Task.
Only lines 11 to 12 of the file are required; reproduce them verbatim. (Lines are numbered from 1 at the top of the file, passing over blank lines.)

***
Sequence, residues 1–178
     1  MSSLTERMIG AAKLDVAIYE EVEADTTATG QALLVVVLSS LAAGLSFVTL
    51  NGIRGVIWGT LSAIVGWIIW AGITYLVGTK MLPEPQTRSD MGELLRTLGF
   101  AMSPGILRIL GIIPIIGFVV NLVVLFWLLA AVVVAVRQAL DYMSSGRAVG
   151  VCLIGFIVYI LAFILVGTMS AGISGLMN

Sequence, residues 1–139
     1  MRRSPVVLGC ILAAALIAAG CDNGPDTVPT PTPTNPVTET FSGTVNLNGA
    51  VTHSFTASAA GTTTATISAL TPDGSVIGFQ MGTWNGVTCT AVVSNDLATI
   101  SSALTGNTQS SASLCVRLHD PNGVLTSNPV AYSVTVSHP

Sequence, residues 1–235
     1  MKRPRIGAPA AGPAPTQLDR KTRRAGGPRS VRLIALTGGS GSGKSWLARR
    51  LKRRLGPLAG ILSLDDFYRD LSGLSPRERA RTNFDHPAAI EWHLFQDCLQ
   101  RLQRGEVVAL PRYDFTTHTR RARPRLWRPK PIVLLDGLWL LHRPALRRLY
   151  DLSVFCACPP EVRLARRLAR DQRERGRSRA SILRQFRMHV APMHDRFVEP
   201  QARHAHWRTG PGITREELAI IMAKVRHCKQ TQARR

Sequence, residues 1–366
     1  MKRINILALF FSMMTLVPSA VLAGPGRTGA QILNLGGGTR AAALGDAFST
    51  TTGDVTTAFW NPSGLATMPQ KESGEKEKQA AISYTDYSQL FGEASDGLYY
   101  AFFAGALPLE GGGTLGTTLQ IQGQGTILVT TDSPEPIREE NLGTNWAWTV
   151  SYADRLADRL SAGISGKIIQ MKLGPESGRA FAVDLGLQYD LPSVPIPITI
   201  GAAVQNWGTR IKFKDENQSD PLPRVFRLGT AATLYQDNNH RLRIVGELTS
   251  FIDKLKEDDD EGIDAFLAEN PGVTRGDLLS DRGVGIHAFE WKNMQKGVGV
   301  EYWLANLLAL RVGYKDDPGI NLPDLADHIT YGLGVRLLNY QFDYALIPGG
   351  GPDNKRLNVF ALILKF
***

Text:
     1  MKRPRIGAPA AGPAPTQLDR KTRRAGGPRS VRLIALTGGS GSGKSWLARR
    51  LKRRLGPLAG ILSLDDFYRD LSGLSPRERA RTNFDHPAAI EWHLFQDCLQ